5. Chang T, Krisman K, Theobald EH, Xu J, Akutagawa J, Lauchle JO, Kogan S, Braun BS, Shannon K. Sustained MEK inhibition abrogates myeloproliferative disease in Nf1 mutant mice. J Clin Invest. 2013; 123: 335-9. doi: 10.1172/JCI63193.

6. Jessen WJ, Miller SJ, Jousma E, Wu J, Rizvi TA, Brundage ME, Eaves D, Widemann B, Kim MO, Dombi E, Sabo J, Hardiman Dudley A, Niwa-Kawakita M, et al. MEK inhibition exhibits efficacy in human and mouse neurofibromatosis tumors. J Clin Invest. 2013; 123: 340-7. doi: 10.1172/JCI60578.

7. Staser K, Park SJ, Rhodes SD, Zeng Y, He YZ, Shew MA, Gehlhausen JR, Cerabona D, Menon K, Chen S, Sun Z, Yuan J, Ingram DA, et al. Normal hematopoiesis and neurofibromin-deficient myeloproliferative disease require Erk. J Clin Invest. 2013; 123: 329-34. doi: 10.1172/JCI66167.

8. Gutmann DH, Blakeley JO, Korf BR, Packer RJ. Optimizing biologically targeted clinical trials for neurofibromatosis. Expert Opin Investig Drugs. 2013; 22: 443-62. doi: 10.1517/13543784.2013.772979.

9. Staser K, Yang FC, Clapp DW. Pathogenesis of plexiform neurofibroma: tumor-stromal/hematopoietic interactions in tumor progression. Annu Rev Pathol. 2012; 7: 469-95. doi: 10.1146/annurev-pathol-011811-132441.

10. Yang FC, Ingram DA, Chen S, Zhu Y, Yuan J, Li X, Yang X, Knowles S, Horn W, Li Y, Zhang S, Yang Y, Vakili ST, et al. Nf1-dependent tumors require a microenvironment containing Nf1+/-- and c-kit-dependent bone marrow. Cell. 2008; 135: 437-48. doi: 10.1016/j.cell.2008.08.041.

11. Mbeunkui F, Johann DJ, Jr. Cancer and the tumor microenvironment: a review of an essential relationship. Cancer Chemother Pharmacol. 2009; 63: 571-82. doi: 10.1007/s00280-008-0881-9.

12. Le LQ, Liu C, Shipman T, Chen Z, Suter U, Parada LF. Susceptible stages in Schwann cells for NF1-associated plexiform neurofibroma development. Cancer Res. 2011; 71: 4686-95. doi: 10.1158/0008-5472.CAN-10-4577.

13. Chen Z, Liu C, Patel AJ, Liao CP, Wang Y, Le LQ. Cells of origin in the embryonic nerve roots for NF1-associated plexiform neurofibroma. Cancer Cell. 2014; 26: 695-706. doi: 10.1016/j.ccell.2014.09.009.

14. Perrin GQ, Fishbein L, Thomson SA, Thomas SL, Stephens K, Garbern JY, DeVries GH, Yachnis AT, Wallace MR, Muir D. Plexiform-like neurofibromas develop in the mouse by intraneural xenograft of an NF1 tumor-derived Schwann cell line. J Neurosci Res. 2007; 85: 1347-57. doi: 10.1002/jnr.21226.

15. Rosenbaum T, Rosenbaum C, Winner U, Muller HW, Lenard HG, Hanemann CO. Long-term culture and characterization of human neurofibroma-derived Schwann cells. J Neurosci Res. 2000; 61: 524-32.

16. Muir D, Neubauer D, Lim IT, Yachnis AT, Wallace MR. Tumorigenic properties of neurofibromin-deficient neurofibroma Schwann cells. Am J Pathol. 2001; 158: 501-13. doi: 10.1016/S0002-9440(10)63992-2.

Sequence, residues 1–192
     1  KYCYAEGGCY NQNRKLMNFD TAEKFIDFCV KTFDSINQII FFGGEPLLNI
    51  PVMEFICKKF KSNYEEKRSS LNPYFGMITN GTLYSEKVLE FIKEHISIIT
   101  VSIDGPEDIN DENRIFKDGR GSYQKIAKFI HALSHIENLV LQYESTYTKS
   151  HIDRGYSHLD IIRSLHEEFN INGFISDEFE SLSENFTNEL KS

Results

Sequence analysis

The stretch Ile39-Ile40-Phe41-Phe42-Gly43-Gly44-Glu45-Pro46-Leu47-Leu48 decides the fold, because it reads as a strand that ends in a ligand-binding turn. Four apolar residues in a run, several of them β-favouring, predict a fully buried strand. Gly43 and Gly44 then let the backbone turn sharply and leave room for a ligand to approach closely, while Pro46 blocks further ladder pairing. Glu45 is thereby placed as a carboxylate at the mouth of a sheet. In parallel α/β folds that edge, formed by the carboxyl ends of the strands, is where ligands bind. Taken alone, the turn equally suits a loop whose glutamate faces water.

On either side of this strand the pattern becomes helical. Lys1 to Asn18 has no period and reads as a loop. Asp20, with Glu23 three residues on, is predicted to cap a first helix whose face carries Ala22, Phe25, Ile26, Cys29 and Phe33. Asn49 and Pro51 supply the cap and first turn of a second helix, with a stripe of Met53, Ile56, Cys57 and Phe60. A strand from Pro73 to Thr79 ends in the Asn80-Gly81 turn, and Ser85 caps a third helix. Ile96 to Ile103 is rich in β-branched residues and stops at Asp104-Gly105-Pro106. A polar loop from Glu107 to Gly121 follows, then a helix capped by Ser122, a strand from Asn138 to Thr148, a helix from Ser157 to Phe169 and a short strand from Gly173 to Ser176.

17. Mo W, Chen J, Patel A, Zhang L, Chau V, Li Y, Cho W, Lim K, Xu J, Lazar AJ, Creighton CJ, Bolshakov S, McKay RM, et al. CXCR4/CXCL12 mediate autocrine cell- cycle progression in NF1-associated malignant peripheral nerve sheath tumors. Cell. 2013; 152: 1077-90. doi: 10.1016/j.cell.2013.01.053.

18. Chau V, Lim SK, Mo W, Liu C, Patel AJ, McKay RM, Wei S, Posner BA, De Brabander JK, Williams NS, Parada LF, Le LQ. Preclinical therapeutic efficacy of a novel pharmacologic inducer of apoptosis in malignant peripheral nerve sheath tumors. Cancer Res. 2014; 74: 586-97. doi: 10.1158/0008-5472.CAN-13-1934.

19. Patel AJ, Liao CP, Chen Z, Liu C, Wang Y, Le LQ. BET bromodomain inhibition triggers apoptosis of NF1-associated malignant peripheral nerve sheath tumors through Bim induction. Cell Rep. 2014; 6: 81-92. doi: 10.1016/j.celrep.2013.12.001.

20. Riccardi VM. Cutaneous manifestation of neurofibromatosis: cellular interaction, pigmentation, and mast cells. Birth Defects Orig Artic Ser. 1981; 17: 129-45.

21. Rizvi TA, Huang Y, Sidani A, Atit R, Largaespada DA, Boissy RE, Ratner N. A novel cytokine pathway suppresses glial cell melanogenesis after injury to adult nerve. J Neurosci. 2002; 22: 9831-40.

22. Ribeiro S, Napoli I, White IJ, Parrinello S, Flanagan AM, Suter U, Parada LF, Lloyd AC. Injury signals cooperate with Nf1 loss to relieve the tumor-suppressive environment of adult peripheral nerve. Cell Rep. 2013; 5: 126-36. doi: 10.1016/j.celrep.2013.08.033.

23. Kazmi SJ, Byer SJ, Eckert JM, Turk AN, Huijbregts RP, Brossier NM, Grizzle WE, Mikhail FM, Roth KA, Carroll SL. Transgenic mice overexpressing neuregulin-1 model neurofibroma-malignant peripheral nerve sheath tumor progression and implicate specific chromosomal copy number variations in tumorigenesis. Am J Pathol. 2013; 182: 646-67. doi: 10.1016/j.ajpath.2012.11.017.

24. Birchmeier C, Nave KA. Neuregulin-1, a key axonal signal that drives Schwann cell growth and differentiation. Glia. 2008; 56: 1491-7. doi: 10.1002/glia.20753.

25. Margulis A, Zhang W, Garlick JA. In vitro fabrication of engineered human skin. Methods Mol Biol. 2005; 289: 61-70.

26. MacNeil S, Shepherd J, Smith L. Production of tissue-engineered skin and oral mucosa for clinical and experimental use. Methods Mol Biol. 2011; 695: 129-53. doi: 10.1007/978-1-60761-984-0_9.

27. Chen Z, Pradhan S, Liu C, Le LQ. Skin-derived precursors as a source of progenitors for cutaneous nerve regeneration. Stem Cells. 2012; 30: 2261-70. doi: 10.1002/stem.1186.

28. Staser K, Yang FC, Clapp DW. Mast cells and the neurofibroma microenvironment. Blood. 2010; 116: 157-64. doi: 10.1182/blood-2009-09-242875.

29. Biernaskie JA, McKenzie IA, Toma JG, Miller FD. Isolation of skin-derived precursors (SKPs) and differentiation and enrichment of their Schwann cell progeny. Nat Protoc. 2006; 1: 2803-12. doi: 10.1038/nprot.2006.422.

Creative Commons License All site content, except where otherwise noted, is licensed under a Creative Commons Attribution 4.0 License.
PII: 11133